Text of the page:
Shell scripting

Topic overview

Relevant course modules

Bash script essentials

Inside the script

Code Explanation Example
#!/bin/bash “Shebang” line: points the computer to the Bash interpreter at /bin/bash.
set -u -e -o pipefail Bash strict settings: exit script with error if an unset variable is referenced (-u), if a general error occurs (but with exceptions; -e), or if an error occurs in a shell pipeline (-o pipefail).
$0 Name of the script (Note: does not work for scripts submitted as SLURM jobs).
$1, $2, etc “Positional parameters”: first, second, etc, arguments passed to the script from the shell. ./ my_arg1 my_arg2
$1 will be “my_arg1” and $2 will be “my_arg2”.
$# Number of arguments passed to the script. ./ my_arg1 my_arg2
$# will be 2.
>&2 Redirect standard out to standard error: e.g., “manually” designate an echo statement to represent standard error. echo "Error: Invalid line nr." >&2
exit 1 Exit the script with exit code 1 (= failure).
echo "Error: need 3+ args" && exit 1

Executing scripts

Command Explanation
bash Scripts that are not executable (i.e., have no execute permission) and/or have no shebang line should be run by explicitly calling bash.
Scripts that are executable and have a shebang line can be called directly by name. Note: if they are in the current working dir, preface with ./ (otherwise the script will be looked for only in $PATH).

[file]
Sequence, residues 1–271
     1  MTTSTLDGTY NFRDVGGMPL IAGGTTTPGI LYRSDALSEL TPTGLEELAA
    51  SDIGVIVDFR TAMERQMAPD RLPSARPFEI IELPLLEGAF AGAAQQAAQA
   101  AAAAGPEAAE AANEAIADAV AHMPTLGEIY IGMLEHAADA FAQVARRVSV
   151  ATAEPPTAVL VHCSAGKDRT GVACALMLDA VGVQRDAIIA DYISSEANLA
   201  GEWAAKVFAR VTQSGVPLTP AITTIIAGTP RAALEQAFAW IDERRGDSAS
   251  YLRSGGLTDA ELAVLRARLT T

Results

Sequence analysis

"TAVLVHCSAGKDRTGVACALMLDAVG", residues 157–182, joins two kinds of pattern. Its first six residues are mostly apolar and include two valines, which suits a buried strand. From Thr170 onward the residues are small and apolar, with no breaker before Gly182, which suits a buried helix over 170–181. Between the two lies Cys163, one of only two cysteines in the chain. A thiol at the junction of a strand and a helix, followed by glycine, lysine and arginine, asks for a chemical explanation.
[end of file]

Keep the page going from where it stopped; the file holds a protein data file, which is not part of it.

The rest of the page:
./ in.txt out.txt Call a script with two arguments, which will be available inside the script as $1 and $2.


Code Explanation Example
= Assign a variable. Note: no spaces around the = ! nlines=200
nlines=$(wc -l my.csv)

Recall/reference a variable with $.

Preferably quote variables too, especially in scripts, to prevent unwanted shell expansion in case of spaces and other special characters in variable values.

Optionally, put variable names in curly braces {}.

echo $nlines (After assignment e.g. nlines=200)
echo "$nlines" (Safer: quoted)
echo "${nlines}" (Optionally: “embraced”)
[ ] Test statement. Spaces required around the brackets (see examples)! [ 9 -gt 5 ] (Returns true: 9 is greater than 5)